Farmers' view of the ag economy improved modestly in July, despite continued fluctuations in commodity markets, according to a monthly survey by Purdue University and the CME Group. 

The overall rating of farmer sentiment in the Ag Economy Barometer rose to a reading of 123, up from 121 in June and well above the 103 recorded in July 2022. The July increase followed a jump of 17 points from May to June. 

Some 17% of farmers in July, up from 14% in June, said their operation is doing better financially than a year ago, while the share of farmers who say they are doing worse than last year dropped from 38% to 30% in July. 

About 39% of farmers expect bad times for the farm economy over the next five years, down from 41% in June.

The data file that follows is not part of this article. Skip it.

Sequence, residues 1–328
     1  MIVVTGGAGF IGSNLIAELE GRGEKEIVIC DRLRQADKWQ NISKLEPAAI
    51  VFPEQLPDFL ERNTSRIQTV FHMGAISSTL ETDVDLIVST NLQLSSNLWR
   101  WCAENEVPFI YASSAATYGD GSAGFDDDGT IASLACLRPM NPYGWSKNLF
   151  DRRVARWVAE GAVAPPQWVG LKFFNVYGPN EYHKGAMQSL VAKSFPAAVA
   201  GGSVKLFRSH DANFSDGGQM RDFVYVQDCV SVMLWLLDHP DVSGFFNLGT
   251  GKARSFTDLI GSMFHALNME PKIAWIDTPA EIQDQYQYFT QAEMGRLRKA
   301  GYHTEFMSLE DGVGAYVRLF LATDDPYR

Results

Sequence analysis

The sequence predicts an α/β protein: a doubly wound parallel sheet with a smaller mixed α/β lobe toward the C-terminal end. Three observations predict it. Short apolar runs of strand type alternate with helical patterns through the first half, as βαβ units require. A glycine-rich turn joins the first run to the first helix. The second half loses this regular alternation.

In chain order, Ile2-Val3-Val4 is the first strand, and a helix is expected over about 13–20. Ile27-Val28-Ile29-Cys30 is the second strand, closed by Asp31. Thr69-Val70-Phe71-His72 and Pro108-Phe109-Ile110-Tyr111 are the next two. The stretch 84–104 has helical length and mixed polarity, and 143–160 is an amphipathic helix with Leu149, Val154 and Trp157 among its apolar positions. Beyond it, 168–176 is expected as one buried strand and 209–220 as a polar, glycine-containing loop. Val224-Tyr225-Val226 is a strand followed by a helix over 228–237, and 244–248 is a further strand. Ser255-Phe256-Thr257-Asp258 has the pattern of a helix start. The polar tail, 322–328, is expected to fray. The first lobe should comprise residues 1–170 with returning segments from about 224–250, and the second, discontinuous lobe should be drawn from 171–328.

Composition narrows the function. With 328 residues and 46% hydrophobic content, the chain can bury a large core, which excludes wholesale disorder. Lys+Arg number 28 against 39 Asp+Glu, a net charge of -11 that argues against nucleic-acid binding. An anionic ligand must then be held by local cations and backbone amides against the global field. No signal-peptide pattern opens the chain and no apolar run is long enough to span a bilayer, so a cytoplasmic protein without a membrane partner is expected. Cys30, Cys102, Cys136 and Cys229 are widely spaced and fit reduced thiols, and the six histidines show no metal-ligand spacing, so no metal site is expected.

Purdue’s Jim Mintert said in a statement the increased optimism is happening “despite recent crop price volatility and continued concerns about rising interest rates.”

Nearly two-thirds of the producers surveyed — some 65% — expect interest rates to rise in the next year; some 57% said the same in June. Higher input costs remained the top concern for producers followed by worries about interest rates and lower output prices.

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“Given the volatility in commodity prices, especially crop prices, this spring and early summer it’s notable that more producers expressed concern about rising interest rates than declining output prices,” the report said.

This month’s survey also found a drop in the number of producers who say they’re using cover crops. In October 2022, 57% of respondents said they were planting cover crops on a portion of their farmland. In July, 45% of corn and soybean farmers said they are using cover crops. Soil health and erosion control remained the top reason for the practice in both reports.

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